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N2 - The distribution of lymphocyte subpopulations from dry secretions, colostrum and blood from 10 healthy adult Hostein-Fresian cows was studied using the TH21A and B26A mouse monoclonal antibodies (MAb) to adult bovine B and T lymphocytes, respectively. The mammary gland lymphocytes (MGL) were isolated from composite sample of all four quarters by density centrifugation over discontinuous gradient of ficoll-diatrizoate. The peripheral blood lymphocytes (PBL) were purified using the ficoll-thrombin method. Isolated PBL and MGL were analyzed using the two fluorochromes method (TFM) and laser flow cytometry (LFC). The mean viability of isolated PBL and MGL from dry secretions and colostrum after the TFM and LFC were 92.4%±3.2%, 91.4%±6.0% and 87.1% ± 6.1%, respectively. There was a good correlation between the two MAbs and the percentage of surface immunoglobulin (SIg) positive cells in the peripheral blood using the TFM. The PBL yielded a mean percentage of 21.2% B cells, 66.4% T cells and 9.4% "Null cells" (TH21A+; SIg-). The TFM on MGL from dry secretions and colostrum indicated two distinct patterns (group I and II) of SIg and reactivity to MAb markers (p<0.001). The MGL data included in group I and group II were gathered from both colostral and dry secretions. In comparison to the distribution of lymphocyte subsets within peripheral blood the mean percentages of B cells, T cells and "Null cells" in the mammary gland were respectively, 2.8%, 88.1% and 5.4% for group I and 3.5%, 89.0% and 15.1% for group II. In the mammary secretions, the use of SIg alone was not considered to be a good marker for B cells; in four animals a mean percentage of 15.6% ( 13.9 89.0 × 100) of the mammary gland T lymphocytes were also SIg+. Of the TH21A+ MGL, only 18.8% were SIg+ in group II compared with 34.1% for MGL from group I and 69.3% for the PBL. Marked differences in cell size distribution and cell surface antigen density were found when PBL and MGL from dry secretions were compared by LFC using the B26A MAb. The results of this study demonstrate a difference in the percentages of peripheral blood and mammary gland B and T lymphocytes and confirm previous findings in which the T lymphocytes were found to represent the major subpopulation of lymphocytes in bovine mammary secretions. This may represent an essential event in the adoptive transfer of cellular immunity through the colostrum in cattle.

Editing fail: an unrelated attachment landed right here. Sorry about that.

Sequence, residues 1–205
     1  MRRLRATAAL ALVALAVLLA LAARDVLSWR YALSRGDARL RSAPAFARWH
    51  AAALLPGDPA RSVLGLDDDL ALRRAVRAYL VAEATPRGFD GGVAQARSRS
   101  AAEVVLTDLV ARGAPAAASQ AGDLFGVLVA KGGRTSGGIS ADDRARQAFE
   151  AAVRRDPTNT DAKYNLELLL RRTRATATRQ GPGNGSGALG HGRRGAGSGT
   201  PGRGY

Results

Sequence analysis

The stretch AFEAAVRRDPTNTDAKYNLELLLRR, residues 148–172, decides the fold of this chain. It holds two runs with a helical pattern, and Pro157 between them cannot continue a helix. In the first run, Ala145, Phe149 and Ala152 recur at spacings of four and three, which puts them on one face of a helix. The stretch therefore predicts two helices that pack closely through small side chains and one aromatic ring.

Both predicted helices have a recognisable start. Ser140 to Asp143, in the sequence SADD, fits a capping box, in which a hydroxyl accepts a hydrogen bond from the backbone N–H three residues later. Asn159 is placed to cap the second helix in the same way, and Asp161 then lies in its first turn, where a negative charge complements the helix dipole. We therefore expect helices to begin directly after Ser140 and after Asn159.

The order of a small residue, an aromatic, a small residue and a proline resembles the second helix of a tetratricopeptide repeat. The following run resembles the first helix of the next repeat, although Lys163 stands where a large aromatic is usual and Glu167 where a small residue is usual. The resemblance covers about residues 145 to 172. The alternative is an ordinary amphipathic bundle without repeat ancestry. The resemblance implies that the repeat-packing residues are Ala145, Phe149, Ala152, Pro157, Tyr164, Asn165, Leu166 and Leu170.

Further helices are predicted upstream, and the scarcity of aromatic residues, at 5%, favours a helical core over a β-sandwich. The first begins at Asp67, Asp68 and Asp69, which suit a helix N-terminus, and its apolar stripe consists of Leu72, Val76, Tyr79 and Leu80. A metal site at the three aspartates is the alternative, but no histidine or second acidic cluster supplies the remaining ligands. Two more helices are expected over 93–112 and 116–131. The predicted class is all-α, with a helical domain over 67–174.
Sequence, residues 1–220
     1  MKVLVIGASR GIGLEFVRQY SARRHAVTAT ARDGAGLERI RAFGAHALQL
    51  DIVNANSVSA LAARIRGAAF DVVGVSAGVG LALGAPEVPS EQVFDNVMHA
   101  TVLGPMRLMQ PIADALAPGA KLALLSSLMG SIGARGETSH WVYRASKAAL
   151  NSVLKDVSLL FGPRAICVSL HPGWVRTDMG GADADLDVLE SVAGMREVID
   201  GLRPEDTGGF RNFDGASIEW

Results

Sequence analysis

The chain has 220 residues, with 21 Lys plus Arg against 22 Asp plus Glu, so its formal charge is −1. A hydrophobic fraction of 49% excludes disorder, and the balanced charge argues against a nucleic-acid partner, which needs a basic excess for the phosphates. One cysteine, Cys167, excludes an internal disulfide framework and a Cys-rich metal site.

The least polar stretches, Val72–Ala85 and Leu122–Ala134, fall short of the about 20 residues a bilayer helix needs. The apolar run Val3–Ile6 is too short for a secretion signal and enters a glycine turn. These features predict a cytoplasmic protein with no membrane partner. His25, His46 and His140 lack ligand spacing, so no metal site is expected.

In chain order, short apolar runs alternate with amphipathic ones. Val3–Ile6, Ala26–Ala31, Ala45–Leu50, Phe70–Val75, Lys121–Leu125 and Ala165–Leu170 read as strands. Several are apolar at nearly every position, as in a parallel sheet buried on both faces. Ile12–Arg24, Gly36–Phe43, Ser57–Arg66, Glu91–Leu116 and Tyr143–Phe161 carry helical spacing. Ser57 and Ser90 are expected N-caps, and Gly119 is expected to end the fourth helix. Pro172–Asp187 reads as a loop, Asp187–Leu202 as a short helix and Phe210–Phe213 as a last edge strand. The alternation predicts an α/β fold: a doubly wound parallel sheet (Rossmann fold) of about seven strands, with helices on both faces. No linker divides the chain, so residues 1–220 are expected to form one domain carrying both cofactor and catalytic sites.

AB - The distribution of lymphocyte subpopulations from dry secretions, colostrum and blood from 10 healthy adult Hostein-Fresian cows was studied using the TH21A and B26A mouse monoclonal antibodies (MAb) to adult bovine B and T lymphocytes, respectively. The mammary gland lymphocytes (MGL) were isolated from composite sample of all four quarters by density centrifugation over discontinuous gradient of ficoll-diatrizoate. The peripheral blood lymphocytes (PBL) were purified using the ficoll-thrombin method. Isolated PBL and MGL were analyzed using the two fluorochromes method (TFM) and laser flow cytometry (LFC). The mean viability of isolated PBL and MGL from dry secretions and colostrum after the TFM and LFC were 92.4%±3.2%, 91.4%±6.0% and 87.1% ± 6.1%, respectively. There was a good correlation between the two MAbs and the percentage of surface immunoglobulin (SIg) positive cells in the peripheral blood using the TFM. The PBL yielded a mean percentage of 21.2% B cells, 66.4% T cells and 9.4% "Null cells" (TH21A+; SIg-). The TFM on MGL from dry secretions and colostrum indicated two distinct patterns (group I and II) of SIg and reactivity to MAb markers (p<0.001). The MGL data included in group I and group II were gathered from both colostral and dry secretions. In comparison to the distribution of lymphocyte subsets within peripheral blood the mean percentages of B cells, T cells and "Null cells" in the mammary gland were respectively, 2.8%, 88.1% and 5.4% for group I and 3.5%, 89.0% and 15.1% for group II. In the mammary secretions, the use of SIg alone was not considered to be a good marker for B cells; in four animals a mean percentage of 15.6% ( 13.9 89.0 × 100) of the mammary gland T lymphocytes were also SIg+. Of the TH21A+ MGL, only 18.8% were SIg+ in group II compared with 34.1% for MGL from group I and 69.3% for the PBL. Marked differences in cell size distribution and cell surface antigen density were found when PBL and MGL from dry secretions were compared by LFC using the B26A MAb. The results of this study demonstrate a difference in the percentages of peripheral blood and mammary gland B and T lymphocytes and confirm previous findings in which the T lymphocytes were found to represent the major subpopulation of lymphocytes in bovine mammary secretions. This may represent an essential event in the adoptive transfer of cellular immunity through the colostrum in cattle.